the place of no words review

“Where do we go when we die?” When 3-year-old Bodhi Palmer asks his real-life father and mother (Mark Webber and Teresa Palmer) that question, it seems to denote the start of a profound journey of existential discovery. But in The Place of No Words, that journey takes some unexpected detours that don’t always pan out.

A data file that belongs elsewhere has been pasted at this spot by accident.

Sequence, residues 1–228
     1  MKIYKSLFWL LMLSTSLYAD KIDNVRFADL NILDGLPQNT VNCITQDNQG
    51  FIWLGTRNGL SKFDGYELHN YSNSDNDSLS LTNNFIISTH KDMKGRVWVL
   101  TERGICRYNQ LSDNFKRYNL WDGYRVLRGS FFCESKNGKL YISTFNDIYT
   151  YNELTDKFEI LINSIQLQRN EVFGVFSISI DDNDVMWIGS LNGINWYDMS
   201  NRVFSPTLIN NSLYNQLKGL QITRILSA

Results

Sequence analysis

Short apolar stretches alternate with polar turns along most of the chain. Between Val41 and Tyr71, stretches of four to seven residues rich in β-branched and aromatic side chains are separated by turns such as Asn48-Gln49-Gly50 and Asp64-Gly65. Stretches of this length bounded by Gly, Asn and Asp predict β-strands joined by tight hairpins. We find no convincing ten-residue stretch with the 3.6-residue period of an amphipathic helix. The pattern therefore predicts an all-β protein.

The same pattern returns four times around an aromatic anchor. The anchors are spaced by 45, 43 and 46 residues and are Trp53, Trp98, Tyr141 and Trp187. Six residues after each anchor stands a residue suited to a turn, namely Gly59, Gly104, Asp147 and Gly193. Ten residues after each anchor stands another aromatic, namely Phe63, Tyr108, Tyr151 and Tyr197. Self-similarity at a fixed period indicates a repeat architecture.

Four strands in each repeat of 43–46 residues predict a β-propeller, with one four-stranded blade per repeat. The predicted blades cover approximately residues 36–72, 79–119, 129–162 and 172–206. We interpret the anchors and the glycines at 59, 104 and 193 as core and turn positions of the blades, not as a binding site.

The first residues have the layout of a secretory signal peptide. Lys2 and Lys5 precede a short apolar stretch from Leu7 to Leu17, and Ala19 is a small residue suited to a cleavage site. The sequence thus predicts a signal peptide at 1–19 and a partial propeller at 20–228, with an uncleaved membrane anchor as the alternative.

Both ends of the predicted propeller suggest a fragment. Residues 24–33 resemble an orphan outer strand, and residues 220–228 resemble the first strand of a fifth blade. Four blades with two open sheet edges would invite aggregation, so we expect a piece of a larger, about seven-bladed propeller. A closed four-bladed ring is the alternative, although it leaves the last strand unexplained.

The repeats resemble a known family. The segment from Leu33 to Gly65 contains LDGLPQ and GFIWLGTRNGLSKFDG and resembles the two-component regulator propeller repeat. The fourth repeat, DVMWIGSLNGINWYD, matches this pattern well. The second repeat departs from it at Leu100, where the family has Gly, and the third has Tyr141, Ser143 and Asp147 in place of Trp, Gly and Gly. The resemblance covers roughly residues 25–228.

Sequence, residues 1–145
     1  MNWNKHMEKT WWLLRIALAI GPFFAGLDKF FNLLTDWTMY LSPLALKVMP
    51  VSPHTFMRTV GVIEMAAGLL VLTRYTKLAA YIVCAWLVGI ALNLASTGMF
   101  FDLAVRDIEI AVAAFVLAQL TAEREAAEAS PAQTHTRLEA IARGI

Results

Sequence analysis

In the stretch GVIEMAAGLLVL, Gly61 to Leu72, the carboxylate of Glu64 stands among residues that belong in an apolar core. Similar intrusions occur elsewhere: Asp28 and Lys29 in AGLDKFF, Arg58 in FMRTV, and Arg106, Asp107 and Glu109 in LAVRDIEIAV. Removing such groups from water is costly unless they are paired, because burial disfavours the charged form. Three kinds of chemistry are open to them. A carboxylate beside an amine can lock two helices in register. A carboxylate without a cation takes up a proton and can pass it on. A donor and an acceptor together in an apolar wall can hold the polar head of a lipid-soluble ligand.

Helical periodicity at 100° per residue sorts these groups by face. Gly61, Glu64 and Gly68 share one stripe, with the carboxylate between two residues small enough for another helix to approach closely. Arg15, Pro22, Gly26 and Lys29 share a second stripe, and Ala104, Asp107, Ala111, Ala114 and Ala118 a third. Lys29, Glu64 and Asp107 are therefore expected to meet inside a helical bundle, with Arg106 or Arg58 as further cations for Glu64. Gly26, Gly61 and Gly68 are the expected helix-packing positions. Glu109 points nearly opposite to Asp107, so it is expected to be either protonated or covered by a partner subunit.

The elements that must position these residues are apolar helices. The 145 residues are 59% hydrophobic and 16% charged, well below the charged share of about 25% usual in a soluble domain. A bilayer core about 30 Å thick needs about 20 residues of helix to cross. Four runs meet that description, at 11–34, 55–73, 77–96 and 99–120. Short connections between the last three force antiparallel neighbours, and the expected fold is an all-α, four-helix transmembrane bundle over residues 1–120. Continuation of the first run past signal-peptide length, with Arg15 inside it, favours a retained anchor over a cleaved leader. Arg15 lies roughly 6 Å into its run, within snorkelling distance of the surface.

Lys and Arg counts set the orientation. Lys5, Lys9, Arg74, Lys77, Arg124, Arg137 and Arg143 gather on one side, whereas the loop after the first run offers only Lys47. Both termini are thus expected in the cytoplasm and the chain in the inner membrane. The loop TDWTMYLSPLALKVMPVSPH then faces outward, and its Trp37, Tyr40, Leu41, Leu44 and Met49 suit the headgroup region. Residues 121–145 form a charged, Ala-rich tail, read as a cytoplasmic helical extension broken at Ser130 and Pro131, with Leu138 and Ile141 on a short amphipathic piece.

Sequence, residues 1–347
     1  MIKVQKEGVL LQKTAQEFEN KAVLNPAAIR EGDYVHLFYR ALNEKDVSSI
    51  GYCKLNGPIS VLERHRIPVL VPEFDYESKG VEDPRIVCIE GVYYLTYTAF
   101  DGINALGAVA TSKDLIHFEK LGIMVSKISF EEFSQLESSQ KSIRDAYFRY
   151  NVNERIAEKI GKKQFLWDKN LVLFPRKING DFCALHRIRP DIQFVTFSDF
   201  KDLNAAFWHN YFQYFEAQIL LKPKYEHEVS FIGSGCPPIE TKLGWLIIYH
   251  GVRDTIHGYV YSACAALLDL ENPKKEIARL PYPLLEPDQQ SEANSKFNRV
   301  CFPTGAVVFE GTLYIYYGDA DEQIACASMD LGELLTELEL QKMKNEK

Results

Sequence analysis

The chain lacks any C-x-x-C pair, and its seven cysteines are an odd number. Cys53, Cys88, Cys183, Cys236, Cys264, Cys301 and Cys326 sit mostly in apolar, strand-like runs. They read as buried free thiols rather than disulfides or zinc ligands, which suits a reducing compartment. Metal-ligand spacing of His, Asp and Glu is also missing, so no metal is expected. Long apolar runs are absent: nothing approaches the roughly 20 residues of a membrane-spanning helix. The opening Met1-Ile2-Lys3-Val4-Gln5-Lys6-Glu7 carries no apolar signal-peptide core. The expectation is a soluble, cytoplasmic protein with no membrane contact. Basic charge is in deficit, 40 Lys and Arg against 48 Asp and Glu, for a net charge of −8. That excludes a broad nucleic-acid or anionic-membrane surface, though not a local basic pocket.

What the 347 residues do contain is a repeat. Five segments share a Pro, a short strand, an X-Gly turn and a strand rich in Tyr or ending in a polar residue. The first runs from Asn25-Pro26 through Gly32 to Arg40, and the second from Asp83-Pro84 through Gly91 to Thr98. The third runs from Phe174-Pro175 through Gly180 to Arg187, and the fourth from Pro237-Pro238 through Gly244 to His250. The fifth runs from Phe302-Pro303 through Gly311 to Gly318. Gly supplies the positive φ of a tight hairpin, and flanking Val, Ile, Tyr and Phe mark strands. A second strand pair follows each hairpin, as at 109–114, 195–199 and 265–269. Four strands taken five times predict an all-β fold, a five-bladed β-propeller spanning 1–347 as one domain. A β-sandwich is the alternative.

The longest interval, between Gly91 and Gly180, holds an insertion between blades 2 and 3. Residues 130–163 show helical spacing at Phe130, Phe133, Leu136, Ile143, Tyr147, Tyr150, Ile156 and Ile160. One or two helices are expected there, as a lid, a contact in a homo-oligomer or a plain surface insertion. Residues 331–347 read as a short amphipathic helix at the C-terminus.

Writer and director Mark Webber casts his own extremely photogenic family in The Place of No Words, a deeply personal exploration of grief and mortality. When young Bodhi asks his father that dreaded question about death, the duo embark on an imagined journey in which they are Vikings exploring a rugged Nordic landscape. But there’s an endearing amateurish quality to The Place of No Words that gives the film an added layer of intimacy, while preventing it from being a truly escapist fantasy.

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